The biggest ripples in the October 10 Raleigh City Council elections have come from a candidate who elected to sit this one out.

When five-term at-large member Mary-Ann Baldwin chose not to run again, it meant that the other at-large incumbent, Russ Stephenson, would face a field of six challengers, with the top two vote-getters prevailing.

The vote in the at-large races, as well as results in a couple of other races, could bring about a significant shift on the council. If Stephenson, generally considered a pro-neighborhood council member, maintains his seatas insiders expectand a development-friendly candidate replaces Baldwin, the council’s balance would remain more or less the same. But if Stephenson falters, or another pro-neighborhood candidate replaces Baldwin, the status quo could be upset.

When leaving her seat, Baldwin cited lawyer Stacy Miller and environmental fundraiser Nicole Stewart as examples of candidates who could bring new energy to the council.

In the crucial fundraising competition, Miller, Stephenson, and Stewart are at the top of the heap. But with at-large races determined by a few thousand votes, the council’s makeup will remain in the air until Election Day.

In alphabetical order, here are the 2017 at-large candidates for Raleigh City Council:

Shelia Alamin-Khashoggi, a community organizer, cites her experience of moving from public assistance to gaining two master’s degrees as an example of how lower-income people can move up with help from the city: “The dynamic right now is changing. Affordable housing is not happening.”

Robert Axtell, a service manager in the multifamily housing industry, says his experience will help as the city deals with affordable housing and public transportation: “It really comes down to convincing developers to add affordable housing to their portfolios, demonstrating to them that there is a huge demand for it, and showing them that they will make money.”

Zainab Baloch, who’s earning a master’s degree at UNC-Chapel Hill while working for the state government, wants to attract young voters, diverse communities, and people connected with N.C. State with a focus on more equal opportunities across the city: “First we should remove the stigma surrounding affordable housing; we should take pride in making Raleigh an affordable city.”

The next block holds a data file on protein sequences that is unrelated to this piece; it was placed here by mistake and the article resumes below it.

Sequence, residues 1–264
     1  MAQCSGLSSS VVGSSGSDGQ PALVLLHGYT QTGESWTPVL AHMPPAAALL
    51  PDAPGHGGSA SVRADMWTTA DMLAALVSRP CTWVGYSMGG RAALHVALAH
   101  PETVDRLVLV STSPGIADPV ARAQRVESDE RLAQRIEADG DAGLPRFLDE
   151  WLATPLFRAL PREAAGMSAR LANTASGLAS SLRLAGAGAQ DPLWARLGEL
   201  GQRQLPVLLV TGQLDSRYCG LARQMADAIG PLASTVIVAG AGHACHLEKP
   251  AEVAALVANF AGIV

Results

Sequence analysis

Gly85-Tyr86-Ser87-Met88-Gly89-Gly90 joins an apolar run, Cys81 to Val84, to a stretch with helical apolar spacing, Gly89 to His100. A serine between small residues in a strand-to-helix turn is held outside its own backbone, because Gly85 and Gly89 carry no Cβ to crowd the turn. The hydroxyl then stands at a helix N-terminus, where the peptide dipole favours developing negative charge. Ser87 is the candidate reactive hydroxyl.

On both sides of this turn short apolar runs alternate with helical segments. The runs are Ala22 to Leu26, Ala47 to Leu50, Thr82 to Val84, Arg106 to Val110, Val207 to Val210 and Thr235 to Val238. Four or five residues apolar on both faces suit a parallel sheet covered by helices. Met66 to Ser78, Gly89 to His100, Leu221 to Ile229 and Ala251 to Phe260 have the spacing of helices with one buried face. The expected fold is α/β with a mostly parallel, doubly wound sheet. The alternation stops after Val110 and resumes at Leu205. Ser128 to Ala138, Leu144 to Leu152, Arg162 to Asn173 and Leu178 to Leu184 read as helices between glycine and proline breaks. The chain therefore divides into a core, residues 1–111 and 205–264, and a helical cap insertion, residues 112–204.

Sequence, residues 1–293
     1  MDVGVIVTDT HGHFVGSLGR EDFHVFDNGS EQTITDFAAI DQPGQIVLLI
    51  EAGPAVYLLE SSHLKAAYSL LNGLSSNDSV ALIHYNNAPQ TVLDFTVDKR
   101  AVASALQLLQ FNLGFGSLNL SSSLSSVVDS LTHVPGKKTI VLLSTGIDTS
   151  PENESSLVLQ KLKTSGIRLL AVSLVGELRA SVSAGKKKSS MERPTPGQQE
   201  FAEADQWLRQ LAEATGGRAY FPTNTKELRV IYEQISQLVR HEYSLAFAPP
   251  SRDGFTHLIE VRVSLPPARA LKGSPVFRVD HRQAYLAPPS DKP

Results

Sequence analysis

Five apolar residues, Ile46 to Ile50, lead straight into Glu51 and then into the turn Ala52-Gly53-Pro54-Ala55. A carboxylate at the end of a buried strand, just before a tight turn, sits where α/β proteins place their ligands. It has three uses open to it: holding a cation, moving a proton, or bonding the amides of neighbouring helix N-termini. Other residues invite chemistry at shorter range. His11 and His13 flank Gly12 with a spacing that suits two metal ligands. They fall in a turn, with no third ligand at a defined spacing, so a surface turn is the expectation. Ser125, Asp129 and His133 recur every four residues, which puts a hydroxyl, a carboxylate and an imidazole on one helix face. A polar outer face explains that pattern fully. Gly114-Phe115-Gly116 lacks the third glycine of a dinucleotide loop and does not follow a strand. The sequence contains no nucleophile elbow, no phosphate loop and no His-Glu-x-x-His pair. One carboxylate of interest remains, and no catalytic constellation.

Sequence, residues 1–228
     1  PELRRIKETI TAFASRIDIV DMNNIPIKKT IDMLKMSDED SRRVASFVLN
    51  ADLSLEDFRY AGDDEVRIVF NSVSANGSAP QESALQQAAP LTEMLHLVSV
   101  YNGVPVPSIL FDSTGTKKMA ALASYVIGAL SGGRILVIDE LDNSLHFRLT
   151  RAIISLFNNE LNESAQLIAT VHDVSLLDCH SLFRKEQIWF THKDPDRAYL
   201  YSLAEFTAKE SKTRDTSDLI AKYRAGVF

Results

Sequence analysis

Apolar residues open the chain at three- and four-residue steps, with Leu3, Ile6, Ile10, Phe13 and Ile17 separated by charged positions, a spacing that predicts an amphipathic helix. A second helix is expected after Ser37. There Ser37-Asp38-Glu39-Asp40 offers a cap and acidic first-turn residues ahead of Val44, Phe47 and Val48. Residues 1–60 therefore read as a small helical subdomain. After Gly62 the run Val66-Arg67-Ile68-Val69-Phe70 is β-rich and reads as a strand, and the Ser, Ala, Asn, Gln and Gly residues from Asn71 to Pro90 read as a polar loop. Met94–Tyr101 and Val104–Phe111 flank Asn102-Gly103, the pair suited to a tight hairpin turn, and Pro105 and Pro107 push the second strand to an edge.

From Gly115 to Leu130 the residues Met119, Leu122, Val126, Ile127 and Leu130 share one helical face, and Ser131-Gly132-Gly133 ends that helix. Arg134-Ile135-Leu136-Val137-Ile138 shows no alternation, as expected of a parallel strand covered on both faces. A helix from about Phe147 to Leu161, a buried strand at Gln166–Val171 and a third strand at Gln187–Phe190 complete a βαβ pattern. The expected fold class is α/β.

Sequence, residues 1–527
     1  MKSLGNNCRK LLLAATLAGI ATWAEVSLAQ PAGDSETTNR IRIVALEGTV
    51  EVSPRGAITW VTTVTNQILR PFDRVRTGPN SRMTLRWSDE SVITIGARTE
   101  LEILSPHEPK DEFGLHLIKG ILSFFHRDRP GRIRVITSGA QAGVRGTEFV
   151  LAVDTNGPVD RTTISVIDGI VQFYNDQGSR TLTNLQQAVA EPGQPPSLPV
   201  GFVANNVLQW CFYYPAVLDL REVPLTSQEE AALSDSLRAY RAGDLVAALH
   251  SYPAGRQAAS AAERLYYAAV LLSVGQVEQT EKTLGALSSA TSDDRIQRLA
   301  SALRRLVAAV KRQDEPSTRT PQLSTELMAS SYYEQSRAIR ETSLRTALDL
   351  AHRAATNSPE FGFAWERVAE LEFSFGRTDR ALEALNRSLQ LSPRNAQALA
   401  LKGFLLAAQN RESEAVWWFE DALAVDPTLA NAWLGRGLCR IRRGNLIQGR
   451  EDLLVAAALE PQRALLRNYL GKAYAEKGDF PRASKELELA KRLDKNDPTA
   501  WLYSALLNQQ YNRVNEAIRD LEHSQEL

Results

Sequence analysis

Stacy Miller, a lawyer who had a brief, appointed stint on the city council in 1997, has used support from the legal community and elsewhere to build a formidable lead in fundraising. Miller says his top priorities are affordable housing, economic development, and transit: “Every time I turn my head, Raleigh’s on somebody’s top-ten list, but everybody’s not on that top-ten list. We can do much better.”

Russ Stephenson, an architect and urban planning professional, says he believes his twelve years on council make him uniquely qualified for the job. “I’ve worked for sustainable growth that protects our quality of life for both our neighborhoods and all our existing citizens.”

Nicole Stewart, development director for the N.C. Conservation Network, also cites the need for new leadership and says city government should address the needs of people across the city: “As I talk to people across Raleigh, it becomes completely clear that different parts of Raleigh have different needs.”

Robert Ward, a commercial real estate broker and former boutique owner, says he knows the effects that local government and taxes can have on small business. “I don’t believe the current city council has been responsible. I hope you will agree that it’s time to bring in new leadership.”